"I have been charged with expropriating 350 million tonnes of oil in secret from the owner. You can imagine, your honour, the barrel, cistern or wagon that would be needed. But these geniuses of investigation and the law are talking about 350 million tonnes of oil, i.e. rolling stock that would go around the equator three times! It's not surprising they can't even explain their thoughts, let alone prove anything."
Platon Lebedev was no less categorical in his statements, but much more emotional: "From the standpoint of criminal procedural law, this is not a charge. It is a schizophrenic fabrication. Not only do I not admit my guilt. I declare that the prosecutor's office together with the investigation team has committed a crime by making these false charges against someone known to be innocent."
Finally, Mikhail Khodorkovsky and Platon Lebedev are accused of legalizing dishonestly acquired funds. According to the charge, the former business partners "laundered" 450 million rubles and $7.5 million.
Khodorkovsky and Lebedev inside the bullet-proof glass defendents' cage
Platon Lebedev spoke about this during the hearings. He told the court that he did not understand how one could examine the charge of legalizing dirty money unless and until the actual fact of criminal activity had been established. Until there is a sentence that has come into legal force stating that a person has stolen something, it cannot be said that he has legalized stolen goods.
However, most of the questions raised by the defendants and their lawyers remain unanswered. To all requests for clarification the prosecutors reply that the charges have been "set down in the most comprehensive and easiest form to understand".
Greetings from the island of Gibraltar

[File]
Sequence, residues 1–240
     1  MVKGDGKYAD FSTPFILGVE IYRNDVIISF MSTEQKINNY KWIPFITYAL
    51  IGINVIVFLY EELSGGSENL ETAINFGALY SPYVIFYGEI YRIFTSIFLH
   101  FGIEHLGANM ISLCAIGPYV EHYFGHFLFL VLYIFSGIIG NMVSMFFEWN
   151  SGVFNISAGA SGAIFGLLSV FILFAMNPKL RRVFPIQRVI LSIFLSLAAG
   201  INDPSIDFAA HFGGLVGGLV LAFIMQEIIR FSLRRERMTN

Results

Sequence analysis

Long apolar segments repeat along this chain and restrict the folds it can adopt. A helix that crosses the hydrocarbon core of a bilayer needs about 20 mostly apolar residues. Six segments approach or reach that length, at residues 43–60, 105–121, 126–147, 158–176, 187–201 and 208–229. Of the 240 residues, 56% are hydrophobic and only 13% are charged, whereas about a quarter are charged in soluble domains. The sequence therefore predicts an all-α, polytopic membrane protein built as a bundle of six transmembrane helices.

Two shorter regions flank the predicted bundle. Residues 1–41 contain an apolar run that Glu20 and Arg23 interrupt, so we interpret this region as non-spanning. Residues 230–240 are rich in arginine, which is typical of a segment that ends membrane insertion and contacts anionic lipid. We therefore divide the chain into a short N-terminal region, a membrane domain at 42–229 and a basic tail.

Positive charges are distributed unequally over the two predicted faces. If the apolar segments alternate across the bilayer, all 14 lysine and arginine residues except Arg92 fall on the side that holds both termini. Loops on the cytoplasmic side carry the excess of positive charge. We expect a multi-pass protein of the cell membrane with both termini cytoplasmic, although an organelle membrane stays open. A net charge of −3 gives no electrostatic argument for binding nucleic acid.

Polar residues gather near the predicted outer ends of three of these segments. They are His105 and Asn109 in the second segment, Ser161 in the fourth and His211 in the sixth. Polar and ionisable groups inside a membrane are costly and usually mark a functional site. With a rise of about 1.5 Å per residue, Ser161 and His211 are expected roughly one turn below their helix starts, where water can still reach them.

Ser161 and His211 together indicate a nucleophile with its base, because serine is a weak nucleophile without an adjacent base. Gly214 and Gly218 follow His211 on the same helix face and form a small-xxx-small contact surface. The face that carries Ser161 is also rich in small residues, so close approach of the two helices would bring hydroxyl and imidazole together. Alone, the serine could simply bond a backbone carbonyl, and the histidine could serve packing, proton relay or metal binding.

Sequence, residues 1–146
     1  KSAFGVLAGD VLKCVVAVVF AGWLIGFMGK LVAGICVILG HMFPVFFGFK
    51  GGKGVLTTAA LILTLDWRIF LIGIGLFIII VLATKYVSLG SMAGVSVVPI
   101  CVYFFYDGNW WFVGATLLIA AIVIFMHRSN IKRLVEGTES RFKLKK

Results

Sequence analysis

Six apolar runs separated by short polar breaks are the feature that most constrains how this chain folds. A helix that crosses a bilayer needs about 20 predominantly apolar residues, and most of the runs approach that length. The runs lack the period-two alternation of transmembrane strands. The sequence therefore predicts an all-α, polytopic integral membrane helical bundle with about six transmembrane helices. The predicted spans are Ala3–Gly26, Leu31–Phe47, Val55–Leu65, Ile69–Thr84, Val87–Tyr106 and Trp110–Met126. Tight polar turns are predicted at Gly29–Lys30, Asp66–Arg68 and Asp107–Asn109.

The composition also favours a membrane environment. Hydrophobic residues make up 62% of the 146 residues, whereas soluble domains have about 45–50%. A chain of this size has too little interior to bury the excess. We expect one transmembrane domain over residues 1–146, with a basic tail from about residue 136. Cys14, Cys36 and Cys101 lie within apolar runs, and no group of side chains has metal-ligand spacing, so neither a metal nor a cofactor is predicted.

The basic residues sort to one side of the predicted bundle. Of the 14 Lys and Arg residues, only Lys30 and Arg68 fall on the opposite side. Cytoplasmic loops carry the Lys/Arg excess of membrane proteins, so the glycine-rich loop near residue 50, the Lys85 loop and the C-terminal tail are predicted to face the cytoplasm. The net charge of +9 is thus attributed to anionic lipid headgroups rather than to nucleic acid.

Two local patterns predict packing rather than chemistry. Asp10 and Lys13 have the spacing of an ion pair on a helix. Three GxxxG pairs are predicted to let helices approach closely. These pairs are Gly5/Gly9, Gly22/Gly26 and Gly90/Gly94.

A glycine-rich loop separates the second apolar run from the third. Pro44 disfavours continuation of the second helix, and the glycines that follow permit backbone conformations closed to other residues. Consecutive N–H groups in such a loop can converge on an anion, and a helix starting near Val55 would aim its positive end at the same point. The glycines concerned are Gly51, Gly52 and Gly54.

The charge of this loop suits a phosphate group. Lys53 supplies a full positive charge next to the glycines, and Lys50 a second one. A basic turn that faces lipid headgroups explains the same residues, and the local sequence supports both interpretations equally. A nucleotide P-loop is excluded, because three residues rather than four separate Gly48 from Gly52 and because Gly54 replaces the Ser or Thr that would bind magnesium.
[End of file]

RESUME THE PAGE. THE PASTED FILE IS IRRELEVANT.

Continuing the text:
The new charge against Khodorkovsky and Lebedev is, among other things, based on many documents containing absurd factual errors. As an example the defence highlighted the low quality of translations of international business correspondence adduced as evidence. For instance the translator misunderstood the word "products" as the names of several countries of Asia, Africa and Latin America. There are also dates here such as the 32nd of December, the 33rd and 36th of December. This one of Lebedev's favourite subjects for sarcastic comment, and he frequently reminds the prosecutors of another absurdity. The investigator is either incompetent or simply ignorant, because he describes Gibraltar as an island. Lebedev said in court "If you tell me, your honour, where, in which galaxy or on which planet, the Island of Gibraltar is located, I will admit that I am guilty of all these crimes."
He was supported by Khodorkovsky, who asked: "How can you steal oil ‘by transferring it to the balance sheet?' This way of stealing oil by writing down figures, without any need to pump it into a pipe, is impossible without telekinesis. If someone actually did this under my management, and the state prosecution can explain to me how it was done, then I am ready to admit my guilt, because this is such an incredible scientific discovery that - well, bugger it, I don't mind going to jail for it."
The Khamovnichesky court
The second case of Mikhail Khodorkovsky and Platon Lebedev is being heard at the Khamovnichesky court in Moscow. Before the start of hearings, everyone was joking about this. Some years ago the courthouse and the actual court where Khodorkovsky and Lebedev are now on trial was used for filming an episode from the comedy "Mimino", a hugely popular film throughout the former Soviet Union.
The hall has changed somewhat since then. Before the hearings a glass cell was quickly installed instead of the cells with bars that are traditional for Russia. Several video cameras and microphones appeared - an innovation to facilitate the work of the journalists.